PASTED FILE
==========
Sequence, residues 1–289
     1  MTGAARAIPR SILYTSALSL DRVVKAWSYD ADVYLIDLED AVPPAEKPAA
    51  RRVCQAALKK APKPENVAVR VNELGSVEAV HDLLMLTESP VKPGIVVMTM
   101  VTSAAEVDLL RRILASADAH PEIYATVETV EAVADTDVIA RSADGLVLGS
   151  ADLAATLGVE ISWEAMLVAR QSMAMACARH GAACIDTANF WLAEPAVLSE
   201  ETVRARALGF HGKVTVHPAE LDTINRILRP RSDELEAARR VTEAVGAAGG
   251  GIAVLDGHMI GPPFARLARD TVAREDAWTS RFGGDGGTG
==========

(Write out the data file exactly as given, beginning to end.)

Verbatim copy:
Sequence, residues 1–289
     1  MTGAARAIPR SILYTSALSL DRVVKAWSYD ADVYLIDLED AVPPAEKPAA
    51  RRVCQAALKK APKPENVAVR VNELGSVEAV HDLLMLTESP VKPGIVVMTM
   101  VTSAAEVDLL RRILASADAH PEIYATVETV EAVADTDVIA RSADGLVLGS
   151  ADLAATLGVE ISWEAMLVAR QSMAMACARH GAACIDTANF WLAEPAVLSE
   201  ETVRARALGF HGKVTVHPAE LDTINRILRP RSDELEAARR VTEAVGAAGG
   251  GIAVLDGHMI GPPFARLARD TVAREDAWTS RFGGDGGTG